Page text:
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“Flowers in the Attic” Will Make You Feel Better About Your Own Crappy Family This Holiday Season

Thursday, December 2, 2021 | Stab Me Gently


I want to tell you a story about…flowers…and…attics. This is the story of Joan Crawford, a disgraced former actress who experiences financial ruin after her role in Johnny Guitar Too: A Very Johnny Musical and is forced to move back home with her mother, aptly named The Grandmother. Joan faithfully brings her ungrateful children with her: Christina, Christopher, Cathy, and Cindy. Living with her estranged parents in their Virginia mansion isn’t easy, but Joan makes the best of a hard knock life, always finding the time to visit Christina and teach her the importance of modest living (“Four people to a room is luxury, Christina darling”) and the value of arsenic in dessert (“A dash here, a dash there, and all your guests will have a gay time!”) From Brentwood to Foxworth Hall, the fun never stops for the Crawford clan.

Okay, so maybe the above description does not describe the classic I am covering this week, but it could be and that’s what matters. *Sigh* This week I’m dishing on 1987’s FLOWERS IN THE ATTIC, the mostly incest-free adaptation of V.C. Andrews’s hit novel. Starring Louise Fletcher (who has many noteworthy credits to her name, sure, but I love her so much as the aunt-with-theater-tickets in Cruel Intentions an will take any opportunity to highlight that), Victoria Tenant (War and Remembrance), and Kristy Swanson (vaccine skeptic, Buffy the Vampire Slayer). The film’s score might tickle a few familiar ivories as it is helmed by Christopher Young of Hellraiser fame, but where Hellraiser’s score gave you puzzle box chills, everything Young does for this film is pure music box terror. The film runs a respectable 90 minutes and was written and directed by Jeffrey Bloom. Rumor has it Sharon Stone auditioned for a part. Moment of silence for how great that would have been.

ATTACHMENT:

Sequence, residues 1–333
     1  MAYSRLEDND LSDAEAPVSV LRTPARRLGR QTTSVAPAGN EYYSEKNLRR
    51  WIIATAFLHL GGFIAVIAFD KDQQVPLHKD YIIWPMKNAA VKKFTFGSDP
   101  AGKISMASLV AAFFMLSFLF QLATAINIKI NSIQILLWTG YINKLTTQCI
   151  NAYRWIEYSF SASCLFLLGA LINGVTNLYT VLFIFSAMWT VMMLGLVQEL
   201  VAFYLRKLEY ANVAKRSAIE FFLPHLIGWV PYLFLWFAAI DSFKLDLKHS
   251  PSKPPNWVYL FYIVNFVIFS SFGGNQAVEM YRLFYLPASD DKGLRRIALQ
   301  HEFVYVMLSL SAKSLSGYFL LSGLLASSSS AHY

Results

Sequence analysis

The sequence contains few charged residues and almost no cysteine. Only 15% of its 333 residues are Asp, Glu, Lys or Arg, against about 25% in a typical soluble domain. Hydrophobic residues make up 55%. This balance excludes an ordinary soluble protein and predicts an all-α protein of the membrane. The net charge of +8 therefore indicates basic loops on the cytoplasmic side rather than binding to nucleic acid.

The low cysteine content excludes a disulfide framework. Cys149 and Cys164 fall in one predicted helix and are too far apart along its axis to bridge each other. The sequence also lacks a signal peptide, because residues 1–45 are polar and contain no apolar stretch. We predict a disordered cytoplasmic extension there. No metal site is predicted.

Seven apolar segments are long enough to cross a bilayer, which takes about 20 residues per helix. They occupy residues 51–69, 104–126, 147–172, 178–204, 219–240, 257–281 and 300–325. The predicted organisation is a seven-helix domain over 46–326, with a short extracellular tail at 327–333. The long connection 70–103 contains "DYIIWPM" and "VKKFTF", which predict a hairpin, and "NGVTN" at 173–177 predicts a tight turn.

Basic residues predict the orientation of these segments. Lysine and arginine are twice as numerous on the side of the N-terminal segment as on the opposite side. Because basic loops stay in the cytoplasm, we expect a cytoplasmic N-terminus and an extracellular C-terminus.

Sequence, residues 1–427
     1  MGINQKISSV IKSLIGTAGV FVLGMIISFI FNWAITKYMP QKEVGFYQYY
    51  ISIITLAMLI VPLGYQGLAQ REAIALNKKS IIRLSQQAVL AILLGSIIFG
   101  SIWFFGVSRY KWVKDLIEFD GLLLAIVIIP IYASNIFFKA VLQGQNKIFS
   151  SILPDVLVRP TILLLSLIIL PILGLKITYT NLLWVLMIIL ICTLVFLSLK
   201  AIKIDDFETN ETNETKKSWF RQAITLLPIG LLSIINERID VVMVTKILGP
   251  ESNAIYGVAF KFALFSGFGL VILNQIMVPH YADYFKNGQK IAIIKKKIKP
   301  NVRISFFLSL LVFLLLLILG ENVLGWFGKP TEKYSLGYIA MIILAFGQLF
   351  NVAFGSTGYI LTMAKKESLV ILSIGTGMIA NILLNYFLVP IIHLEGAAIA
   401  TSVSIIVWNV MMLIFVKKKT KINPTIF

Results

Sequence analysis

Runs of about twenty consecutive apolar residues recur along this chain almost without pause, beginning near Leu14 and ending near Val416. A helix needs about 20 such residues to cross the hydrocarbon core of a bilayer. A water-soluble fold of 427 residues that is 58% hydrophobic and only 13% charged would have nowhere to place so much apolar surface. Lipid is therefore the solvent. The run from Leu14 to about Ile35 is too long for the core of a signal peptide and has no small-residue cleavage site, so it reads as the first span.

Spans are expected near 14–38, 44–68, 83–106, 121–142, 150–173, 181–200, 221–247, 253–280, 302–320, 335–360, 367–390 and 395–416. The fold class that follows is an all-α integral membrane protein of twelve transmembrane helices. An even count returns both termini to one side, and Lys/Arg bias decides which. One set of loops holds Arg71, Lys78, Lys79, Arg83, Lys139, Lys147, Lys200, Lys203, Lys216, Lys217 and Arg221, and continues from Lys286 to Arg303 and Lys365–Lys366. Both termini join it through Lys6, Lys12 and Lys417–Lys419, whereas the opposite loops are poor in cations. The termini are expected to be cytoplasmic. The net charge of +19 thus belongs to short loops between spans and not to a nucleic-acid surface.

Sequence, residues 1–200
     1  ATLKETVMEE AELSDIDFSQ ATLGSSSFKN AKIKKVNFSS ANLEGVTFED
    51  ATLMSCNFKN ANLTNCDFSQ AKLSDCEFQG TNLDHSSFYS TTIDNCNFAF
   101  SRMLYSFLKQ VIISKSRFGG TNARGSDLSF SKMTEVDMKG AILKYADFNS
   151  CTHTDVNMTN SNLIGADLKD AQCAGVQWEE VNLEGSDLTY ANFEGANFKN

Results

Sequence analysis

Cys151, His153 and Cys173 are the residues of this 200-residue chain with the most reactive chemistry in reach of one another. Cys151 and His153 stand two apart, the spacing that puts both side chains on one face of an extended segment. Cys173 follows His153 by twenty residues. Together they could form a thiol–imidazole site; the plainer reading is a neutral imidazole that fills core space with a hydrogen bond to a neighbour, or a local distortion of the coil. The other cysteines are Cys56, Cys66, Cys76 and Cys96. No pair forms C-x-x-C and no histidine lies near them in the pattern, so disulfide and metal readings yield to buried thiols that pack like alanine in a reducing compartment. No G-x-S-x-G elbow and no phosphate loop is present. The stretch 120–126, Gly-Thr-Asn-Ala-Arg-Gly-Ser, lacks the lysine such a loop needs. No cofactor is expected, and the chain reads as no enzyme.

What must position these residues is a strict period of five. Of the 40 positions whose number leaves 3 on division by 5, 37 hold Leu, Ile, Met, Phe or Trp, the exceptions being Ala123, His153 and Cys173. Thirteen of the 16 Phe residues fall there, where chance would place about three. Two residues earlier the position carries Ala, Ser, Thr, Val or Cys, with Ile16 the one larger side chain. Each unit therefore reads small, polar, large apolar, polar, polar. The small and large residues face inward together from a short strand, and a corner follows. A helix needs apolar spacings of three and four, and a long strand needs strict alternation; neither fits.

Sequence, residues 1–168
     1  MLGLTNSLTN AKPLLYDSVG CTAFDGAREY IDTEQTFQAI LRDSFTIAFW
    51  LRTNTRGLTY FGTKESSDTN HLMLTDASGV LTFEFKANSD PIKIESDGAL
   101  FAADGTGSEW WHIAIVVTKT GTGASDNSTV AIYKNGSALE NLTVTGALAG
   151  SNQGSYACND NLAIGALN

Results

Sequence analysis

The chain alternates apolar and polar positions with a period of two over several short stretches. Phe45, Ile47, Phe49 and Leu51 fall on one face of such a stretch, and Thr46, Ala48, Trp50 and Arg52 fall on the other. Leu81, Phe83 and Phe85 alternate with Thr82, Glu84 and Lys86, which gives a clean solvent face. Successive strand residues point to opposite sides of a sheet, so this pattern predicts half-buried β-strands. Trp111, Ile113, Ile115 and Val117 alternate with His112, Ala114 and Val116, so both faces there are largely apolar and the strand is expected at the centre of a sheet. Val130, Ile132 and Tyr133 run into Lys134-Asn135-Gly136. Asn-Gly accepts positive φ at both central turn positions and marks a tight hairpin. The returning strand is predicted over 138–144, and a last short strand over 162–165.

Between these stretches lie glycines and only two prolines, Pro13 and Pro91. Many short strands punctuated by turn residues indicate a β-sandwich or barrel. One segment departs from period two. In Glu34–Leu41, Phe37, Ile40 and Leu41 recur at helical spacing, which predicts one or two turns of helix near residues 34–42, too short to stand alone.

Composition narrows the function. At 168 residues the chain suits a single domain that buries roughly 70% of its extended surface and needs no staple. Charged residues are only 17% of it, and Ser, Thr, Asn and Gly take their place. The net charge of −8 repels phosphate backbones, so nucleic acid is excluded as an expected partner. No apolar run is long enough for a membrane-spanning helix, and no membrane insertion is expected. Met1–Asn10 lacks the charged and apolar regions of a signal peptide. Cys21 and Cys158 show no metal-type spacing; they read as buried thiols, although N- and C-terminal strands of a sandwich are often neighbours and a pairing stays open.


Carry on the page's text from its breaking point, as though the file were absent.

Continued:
A friend introduced me to this movie during Lockdown the First, and despite being totally disgusted with the subject matter, I quickly ordered all the V.C. Andrews books I could find and devoured nineteen of them. No one goes to a dinner party and announces their love for V.C. Andrews; I already get enough dirty looks when I confess how I spend all my free time in bed reading Jackie Collins. Despite the inappropriate horror of an Andrews book, you can’t deny there’s something appealing about them. Everything she does feels like Mommie Dearest fan fiction and I don’t hate it. Are we all freaks for liking FLOWERS IN THE ATTIC, or it just me for bringing this conversation to Rue Morgue? And more importantly: we’re all rooting for The Grandmother (Fletcher), right?